The cardiac nitric oxide and endothelin-1 (ET-1) systems are closely linked and play a critical role in cardiac physiology. The balance between both systems is often disturbed in cardiovascular diseases. To define the cardiac effect of excessive ET-1 in a status of nitric oxide deficiency, we compared left ventricular function and morphology in wild-type mice, ET-1 transgenic (ET+/+) mice, endothelial nitric oxide synthase knockout (eNOS−/−) mice, and ET+/+eNOS−/− mice.
Methods and results
eNOS−/− and ET+/+eNOS−/− mice developed high blood pressure compared with wild-type and ET+/+ mice. Left ventricular catheterization showed that eNOS−/− mice, but not ET+/+eNOS−/−, developed diastolic dysfunction characterized by increased end-diastolic pressure and relaxation constant tau. To elucidate the causal molecular mechanisms driving the rescue of diastolic function in ET+/+eNOS−/− mice, the cardiac proteome was analyzed. Two-dimensional gel electrophoresis coupled to mass spectrometry offers an appropriate hypothesis-free approach. ET-1 overexpression on an eNOS−/− background led to an elevated abundance and change in posttranslational state of antioxidant enzymes (e.g., peroxiredoxin-6, glutathione S-transferase mu 2, and heat shock protein beta 7). In contrast to ET+/+eNOS−/− mice, eNOS−/− mice showed an elevated abundance of proteins responsible for sarcomere disassembly (e.g., cofilin-1 and cofilin-2). In ET+/+eNOS−/− mice, glycolysis was favored at the expense of fatty acid oxidation.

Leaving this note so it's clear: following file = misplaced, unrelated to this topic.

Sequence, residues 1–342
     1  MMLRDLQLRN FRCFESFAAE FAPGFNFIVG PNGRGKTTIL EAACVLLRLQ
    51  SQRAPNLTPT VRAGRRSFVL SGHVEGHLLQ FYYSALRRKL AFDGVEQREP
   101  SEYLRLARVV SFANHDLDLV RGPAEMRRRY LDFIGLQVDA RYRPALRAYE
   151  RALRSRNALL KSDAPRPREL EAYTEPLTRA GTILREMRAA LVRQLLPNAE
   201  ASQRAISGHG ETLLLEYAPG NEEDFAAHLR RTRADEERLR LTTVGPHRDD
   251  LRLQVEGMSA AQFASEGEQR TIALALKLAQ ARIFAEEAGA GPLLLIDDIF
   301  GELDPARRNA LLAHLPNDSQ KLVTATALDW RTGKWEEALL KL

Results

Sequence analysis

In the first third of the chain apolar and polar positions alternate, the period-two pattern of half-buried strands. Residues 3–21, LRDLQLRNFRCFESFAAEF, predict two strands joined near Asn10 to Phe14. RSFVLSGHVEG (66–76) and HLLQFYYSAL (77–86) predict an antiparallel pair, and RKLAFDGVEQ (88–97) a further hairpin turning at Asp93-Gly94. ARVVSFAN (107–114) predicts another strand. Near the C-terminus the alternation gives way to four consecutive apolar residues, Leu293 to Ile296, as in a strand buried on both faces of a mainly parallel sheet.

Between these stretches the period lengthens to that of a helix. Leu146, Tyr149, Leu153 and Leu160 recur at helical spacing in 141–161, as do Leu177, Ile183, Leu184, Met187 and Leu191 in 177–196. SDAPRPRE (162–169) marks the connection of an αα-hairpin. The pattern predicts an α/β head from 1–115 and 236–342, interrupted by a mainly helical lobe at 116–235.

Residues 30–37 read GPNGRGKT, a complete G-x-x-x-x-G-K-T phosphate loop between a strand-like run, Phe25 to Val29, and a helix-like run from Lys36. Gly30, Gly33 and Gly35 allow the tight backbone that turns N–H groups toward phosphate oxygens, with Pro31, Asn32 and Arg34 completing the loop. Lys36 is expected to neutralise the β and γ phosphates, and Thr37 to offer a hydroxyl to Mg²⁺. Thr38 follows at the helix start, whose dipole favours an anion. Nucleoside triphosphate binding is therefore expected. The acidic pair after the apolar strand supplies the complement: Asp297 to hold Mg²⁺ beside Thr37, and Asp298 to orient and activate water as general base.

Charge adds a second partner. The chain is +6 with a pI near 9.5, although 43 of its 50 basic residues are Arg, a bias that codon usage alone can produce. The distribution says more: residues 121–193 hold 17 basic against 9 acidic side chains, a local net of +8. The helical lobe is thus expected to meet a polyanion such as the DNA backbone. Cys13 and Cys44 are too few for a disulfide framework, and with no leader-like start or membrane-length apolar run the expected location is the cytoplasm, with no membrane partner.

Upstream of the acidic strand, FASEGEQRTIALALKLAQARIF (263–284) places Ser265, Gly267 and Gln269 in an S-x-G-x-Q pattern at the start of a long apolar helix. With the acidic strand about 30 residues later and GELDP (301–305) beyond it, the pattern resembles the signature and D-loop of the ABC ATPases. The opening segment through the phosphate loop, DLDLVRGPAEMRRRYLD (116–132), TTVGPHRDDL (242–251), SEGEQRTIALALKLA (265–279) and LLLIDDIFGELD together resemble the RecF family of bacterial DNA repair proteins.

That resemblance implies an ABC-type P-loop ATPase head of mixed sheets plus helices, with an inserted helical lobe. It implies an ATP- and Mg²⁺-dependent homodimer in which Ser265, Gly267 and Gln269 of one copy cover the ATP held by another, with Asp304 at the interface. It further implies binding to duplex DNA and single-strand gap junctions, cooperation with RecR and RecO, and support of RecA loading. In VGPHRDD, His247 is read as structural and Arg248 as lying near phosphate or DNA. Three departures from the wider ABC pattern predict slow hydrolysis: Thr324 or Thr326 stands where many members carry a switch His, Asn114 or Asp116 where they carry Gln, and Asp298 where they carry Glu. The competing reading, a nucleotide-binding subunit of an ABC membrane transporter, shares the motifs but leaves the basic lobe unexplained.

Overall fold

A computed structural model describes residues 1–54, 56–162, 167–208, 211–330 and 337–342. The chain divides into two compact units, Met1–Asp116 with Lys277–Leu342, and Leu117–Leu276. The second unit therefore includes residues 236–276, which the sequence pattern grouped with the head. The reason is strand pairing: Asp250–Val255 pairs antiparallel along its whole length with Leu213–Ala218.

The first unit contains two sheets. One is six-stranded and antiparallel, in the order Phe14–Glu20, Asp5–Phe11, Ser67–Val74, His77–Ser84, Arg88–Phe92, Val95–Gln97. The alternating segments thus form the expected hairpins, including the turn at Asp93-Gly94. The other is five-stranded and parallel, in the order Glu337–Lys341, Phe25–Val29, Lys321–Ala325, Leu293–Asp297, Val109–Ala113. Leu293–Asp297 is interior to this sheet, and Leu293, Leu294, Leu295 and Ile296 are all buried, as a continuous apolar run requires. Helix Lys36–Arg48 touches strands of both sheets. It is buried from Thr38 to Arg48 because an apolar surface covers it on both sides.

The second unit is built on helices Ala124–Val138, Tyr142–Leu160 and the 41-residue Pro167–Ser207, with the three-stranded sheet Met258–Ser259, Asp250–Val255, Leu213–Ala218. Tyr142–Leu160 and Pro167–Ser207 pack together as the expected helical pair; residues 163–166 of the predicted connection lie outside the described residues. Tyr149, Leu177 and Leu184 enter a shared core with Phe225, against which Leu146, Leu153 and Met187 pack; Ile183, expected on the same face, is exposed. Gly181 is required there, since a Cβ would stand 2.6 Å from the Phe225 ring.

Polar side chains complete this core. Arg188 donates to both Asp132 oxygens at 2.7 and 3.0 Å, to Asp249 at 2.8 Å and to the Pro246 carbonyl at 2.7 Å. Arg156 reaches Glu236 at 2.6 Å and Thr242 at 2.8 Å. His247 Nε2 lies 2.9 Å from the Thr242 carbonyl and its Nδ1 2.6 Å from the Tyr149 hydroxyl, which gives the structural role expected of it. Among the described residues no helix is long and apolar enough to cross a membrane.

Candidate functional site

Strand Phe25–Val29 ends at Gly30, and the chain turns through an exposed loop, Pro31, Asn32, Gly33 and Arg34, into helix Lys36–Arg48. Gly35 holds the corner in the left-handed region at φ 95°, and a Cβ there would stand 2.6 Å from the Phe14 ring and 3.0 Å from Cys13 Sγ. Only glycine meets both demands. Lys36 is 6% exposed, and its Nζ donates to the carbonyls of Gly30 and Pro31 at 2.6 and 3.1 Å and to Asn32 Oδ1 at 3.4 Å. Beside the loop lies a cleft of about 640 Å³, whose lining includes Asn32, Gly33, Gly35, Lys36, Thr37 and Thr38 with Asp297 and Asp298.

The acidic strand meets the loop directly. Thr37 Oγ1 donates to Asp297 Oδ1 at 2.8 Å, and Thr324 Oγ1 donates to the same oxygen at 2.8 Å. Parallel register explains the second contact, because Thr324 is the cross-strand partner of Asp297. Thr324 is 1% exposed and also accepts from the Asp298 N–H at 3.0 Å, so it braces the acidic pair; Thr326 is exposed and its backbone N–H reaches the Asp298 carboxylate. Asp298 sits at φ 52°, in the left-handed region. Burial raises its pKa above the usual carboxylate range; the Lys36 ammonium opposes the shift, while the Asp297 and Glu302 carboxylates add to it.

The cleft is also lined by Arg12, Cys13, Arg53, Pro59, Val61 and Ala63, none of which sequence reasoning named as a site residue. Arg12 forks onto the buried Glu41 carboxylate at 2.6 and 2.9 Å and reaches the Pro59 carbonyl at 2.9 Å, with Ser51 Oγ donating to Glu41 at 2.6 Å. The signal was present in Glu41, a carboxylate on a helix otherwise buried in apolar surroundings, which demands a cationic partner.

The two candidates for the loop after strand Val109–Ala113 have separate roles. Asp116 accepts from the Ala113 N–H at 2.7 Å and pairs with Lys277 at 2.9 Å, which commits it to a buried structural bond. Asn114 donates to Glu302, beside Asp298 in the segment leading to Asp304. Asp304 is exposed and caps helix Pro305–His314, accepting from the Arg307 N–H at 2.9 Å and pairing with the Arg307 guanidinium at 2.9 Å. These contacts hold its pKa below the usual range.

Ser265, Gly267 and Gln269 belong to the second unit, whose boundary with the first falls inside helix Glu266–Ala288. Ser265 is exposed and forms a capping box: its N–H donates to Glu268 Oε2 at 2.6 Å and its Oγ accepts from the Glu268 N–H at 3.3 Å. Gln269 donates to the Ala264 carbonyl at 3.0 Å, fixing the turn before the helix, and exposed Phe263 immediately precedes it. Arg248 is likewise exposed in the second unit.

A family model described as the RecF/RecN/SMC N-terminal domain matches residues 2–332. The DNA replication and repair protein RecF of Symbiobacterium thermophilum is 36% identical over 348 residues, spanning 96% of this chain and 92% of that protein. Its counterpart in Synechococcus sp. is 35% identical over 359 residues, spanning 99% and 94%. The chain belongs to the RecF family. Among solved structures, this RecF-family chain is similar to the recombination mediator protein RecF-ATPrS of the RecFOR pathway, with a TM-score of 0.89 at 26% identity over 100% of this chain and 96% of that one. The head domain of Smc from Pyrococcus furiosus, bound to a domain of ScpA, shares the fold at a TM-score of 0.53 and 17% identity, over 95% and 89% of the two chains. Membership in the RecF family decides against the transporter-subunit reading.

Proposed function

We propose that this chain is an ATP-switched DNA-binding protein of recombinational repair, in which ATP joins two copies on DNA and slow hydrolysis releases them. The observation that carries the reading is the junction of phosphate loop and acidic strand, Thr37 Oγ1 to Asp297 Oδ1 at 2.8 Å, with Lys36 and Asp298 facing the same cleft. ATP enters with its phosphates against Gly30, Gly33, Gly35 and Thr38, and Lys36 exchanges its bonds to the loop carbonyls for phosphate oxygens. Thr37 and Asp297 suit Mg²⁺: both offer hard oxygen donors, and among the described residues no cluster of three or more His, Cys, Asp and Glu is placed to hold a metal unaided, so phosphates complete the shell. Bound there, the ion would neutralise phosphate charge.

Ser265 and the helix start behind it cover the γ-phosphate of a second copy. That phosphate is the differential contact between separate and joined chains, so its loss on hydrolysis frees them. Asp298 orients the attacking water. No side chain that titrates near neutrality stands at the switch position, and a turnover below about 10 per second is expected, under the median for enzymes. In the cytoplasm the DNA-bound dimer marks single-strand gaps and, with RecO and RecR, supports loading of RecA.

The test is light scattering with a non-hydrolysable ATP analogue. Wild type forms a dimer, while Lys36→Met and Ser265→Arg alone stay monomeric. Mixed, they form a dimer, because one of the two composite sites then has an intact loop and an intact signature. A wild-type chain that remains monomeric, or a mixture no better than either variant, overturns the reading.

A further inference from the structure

eNOS−/− mice developed diastolic dysfunction; this was rescued by ET-1 transgenic overexpression. This study furthermore suggests that cardiac ET-1 overexpression in case of eNOS deficiency causes specifically the regulation of proteins playing a role in oxidative stress, myocytes contractility, and energy metabolism.